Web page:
Goldman Sachs takes NatWest off 'Conviction List'
Goldman Sachs has taken NatWest off its ‘conviction buy’ list, citing headwinds in UK mortgage pricing.
In a broader note on UK banks, GS said that since being added to the conviction list last March, NatWest shares are up 11% versus the FTSE World Europe up 9%.
"As we now expect bigger headwinds from mortgage pricing, we reduce our 12-month return on equity/cost of equity based price target by 5% to 305p (from 320p) and remove the stock from our conviction list," it said.
Goldman said that while its 2021 and 2022 earnings per share estimates increase by 2-18% due to lower cost and LLP forecasts following the second-quarter results, its 2023-25 EPS estimates reduce by 7-9%, primarily due to mortgage price declines.
"We still see the share offering upside of circa 50% and remain buy-rated on the stock, given its exposure to higher rates, scope for above market growth, attractive capital return prospects, ongoing restructuring and attractive valuation," GS said.
"Key risks to our view are weaker margin and loan growth, higher costs and impairments and weaker-than-expected capital progression."
In the same note, Goldman cut its price target on 'neutral' rated Virgin Money to 210p from 225p, while the target for 'buy' rated Barclays was cut to 270p from 280p.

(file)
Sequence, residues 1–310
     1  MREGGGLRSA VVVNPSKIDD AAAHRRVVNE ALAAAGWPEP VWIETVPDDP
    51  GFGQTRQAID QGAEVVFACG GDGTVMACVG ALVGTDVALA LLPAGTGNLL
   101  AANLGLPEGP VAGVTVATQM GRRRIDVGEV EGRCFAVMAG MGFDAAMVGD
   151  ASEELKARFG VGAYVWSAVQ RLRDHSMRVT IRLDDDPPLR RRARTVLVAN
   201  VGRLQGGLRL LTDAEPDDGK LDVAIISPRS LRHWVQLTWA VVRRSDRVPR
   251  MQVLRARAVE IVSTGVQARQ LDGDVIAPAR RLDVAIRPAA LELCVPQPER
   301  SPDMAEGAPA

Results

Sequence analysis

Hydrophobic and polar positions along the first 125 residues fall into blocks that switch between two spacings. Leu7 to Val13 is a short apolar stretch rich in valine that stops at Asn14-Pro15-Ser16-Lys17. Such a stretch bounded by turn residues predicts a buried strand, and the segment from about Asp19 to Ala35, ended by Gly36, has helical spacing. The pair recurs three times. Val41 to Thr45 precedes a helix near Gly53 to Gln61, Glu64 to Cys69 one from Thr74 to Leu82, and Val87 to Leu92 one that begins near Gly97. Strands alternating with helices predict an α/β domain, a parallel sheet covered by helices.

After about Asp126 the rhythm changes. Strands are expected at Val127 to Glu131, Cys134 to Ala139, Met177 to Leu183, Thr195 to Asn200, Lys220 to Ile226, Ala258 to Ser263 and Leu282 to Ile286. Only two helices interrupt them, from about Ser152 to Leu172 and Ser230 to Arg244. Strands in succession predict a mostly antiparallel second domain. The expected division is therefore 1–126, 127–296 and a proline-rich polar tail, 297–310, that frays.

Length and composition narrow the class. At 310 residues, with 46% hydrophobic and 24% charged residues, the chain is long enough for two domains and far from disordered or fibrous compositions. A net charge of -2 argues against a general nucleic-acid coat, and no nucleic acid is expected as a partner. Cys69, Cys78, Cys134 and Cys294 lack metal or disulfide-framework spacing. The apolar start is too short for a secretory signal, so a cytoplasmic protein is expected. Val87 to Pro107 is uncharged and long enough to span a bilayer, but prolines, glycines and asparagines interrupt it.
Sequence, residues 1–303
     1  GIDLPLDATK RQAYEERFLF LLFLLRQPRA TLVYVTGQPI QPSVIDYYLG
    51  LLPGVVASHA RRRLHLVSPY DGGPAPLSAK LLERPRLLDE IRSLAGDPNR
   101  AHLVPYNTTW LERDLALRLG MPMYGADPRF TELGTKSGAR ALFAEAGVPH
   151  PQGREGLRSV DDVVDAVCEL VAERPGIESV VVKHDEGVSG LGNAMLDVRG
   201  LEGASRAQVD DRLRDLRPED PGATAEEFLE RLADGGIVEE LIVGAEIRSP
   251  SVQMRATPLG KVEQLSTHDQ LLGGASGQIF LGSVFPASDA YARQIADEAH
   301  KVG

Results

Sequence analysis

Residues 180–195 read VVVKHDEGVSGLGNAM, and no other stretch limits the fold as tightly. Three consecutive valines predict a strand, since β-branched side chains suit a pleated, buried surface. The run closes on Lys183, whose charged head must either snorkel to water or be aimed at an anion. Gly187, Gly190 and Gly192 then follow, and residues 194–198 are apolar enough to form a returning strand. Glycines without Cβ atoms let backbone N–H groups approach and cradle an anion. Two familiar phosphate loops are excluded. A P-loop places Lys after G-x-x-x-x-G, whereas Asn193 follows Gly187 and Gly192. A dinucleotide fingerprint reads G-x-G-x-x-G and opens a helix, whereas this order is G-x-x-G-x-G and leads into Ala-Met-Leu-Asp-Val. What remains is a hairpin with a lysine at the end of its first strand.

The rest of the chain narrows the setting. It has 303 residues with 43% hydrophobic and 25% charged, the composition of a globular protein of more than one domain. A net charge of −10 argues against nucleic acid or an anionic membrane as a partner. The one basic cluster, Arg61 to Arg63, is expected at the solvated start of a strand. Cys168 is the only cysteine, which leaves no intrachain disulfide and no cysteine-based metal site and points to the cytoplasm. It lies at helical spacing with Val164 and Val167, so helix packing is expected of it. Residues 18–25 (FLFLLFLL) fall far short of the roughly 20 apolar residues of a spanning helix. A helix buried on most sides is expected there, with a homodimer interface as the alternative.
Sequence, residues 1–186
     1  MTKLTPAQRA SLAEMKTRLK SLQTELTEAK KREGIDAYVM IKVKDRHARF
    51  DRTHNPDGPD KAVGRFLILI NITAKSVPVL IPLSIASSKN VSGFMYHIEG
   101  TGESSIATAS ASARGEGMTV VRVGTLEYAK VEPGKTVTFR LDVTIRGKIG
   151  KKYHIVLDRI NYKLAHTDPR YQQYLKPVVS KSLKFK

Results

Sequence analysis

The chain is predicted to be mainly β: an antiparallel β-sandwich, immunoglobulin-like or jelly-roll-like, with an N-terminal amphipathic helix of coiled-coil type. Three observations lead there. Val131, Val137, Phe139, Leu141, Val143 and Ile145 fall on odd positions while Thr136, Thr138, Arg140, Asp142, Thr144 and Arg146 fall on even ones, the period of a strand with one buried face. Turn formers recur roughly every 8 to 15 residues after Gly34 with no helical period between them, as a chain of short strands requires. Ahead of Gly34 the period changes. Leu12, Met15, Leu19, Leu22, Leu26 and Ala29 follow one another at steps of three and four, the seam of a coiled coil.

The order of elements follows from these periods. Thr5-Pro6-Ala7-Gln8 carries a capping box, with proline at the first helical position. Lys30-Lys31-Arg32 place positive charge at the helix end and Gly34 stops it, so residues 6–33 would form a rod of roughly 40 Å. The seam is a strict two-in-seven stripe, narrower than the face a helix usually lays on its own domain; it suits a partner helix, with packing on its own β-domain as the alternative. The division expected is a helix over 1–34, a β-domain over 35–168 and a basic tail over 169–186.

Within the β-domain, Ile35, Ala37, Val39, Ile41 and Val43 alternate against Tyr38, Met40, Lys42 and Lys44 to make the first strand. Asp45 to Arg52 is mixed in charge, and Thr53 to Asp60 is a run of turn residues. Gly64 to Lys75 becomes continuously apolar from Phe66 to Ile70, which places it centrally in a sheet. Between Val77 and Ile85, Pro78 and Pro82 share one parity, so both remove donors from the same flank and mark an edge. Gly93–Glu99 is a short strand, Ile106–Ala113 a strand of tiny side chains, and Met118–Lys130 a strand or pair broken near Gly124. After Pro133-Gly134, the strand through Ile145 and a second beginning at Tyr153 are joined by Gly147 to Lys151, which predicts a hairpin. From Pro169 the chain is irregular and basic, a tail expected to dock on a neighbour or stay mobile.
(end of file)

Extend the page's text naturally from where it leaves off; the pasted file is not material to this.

Goldman said: "Since the beginning of 2020, UK banks have seen cumulative net inflows of retail and corporate deposits of £370bn, with overall domestic loans growing by only £100bn over the same period, mostly driven by mortgages.
"This has resulted in a substantial increase in excess deposits trapped in the UK ring-fences of major UK banks (from £50bn to £240bn). This in our view is the key reason for mortgage pricing (which we track bottom-up on a monthly basis) having fallen from circa 200bp during 4Q20 to circa 110bp as of July, on our estimates.
"The decline in pricing (i) occurred faster than we expected (i.e. ahead of the expiry of stamp duty holidays) and (ii) means that our previous forecast of pricing stabilising at 120bp is no longer appropriate - we now forecast pricing to stabilise at 100bp but (iii) see risks being skewed to the downside, with mortgage pricing testing prior trough levels of around 80-90bp becoming a distinct possibility, in our view."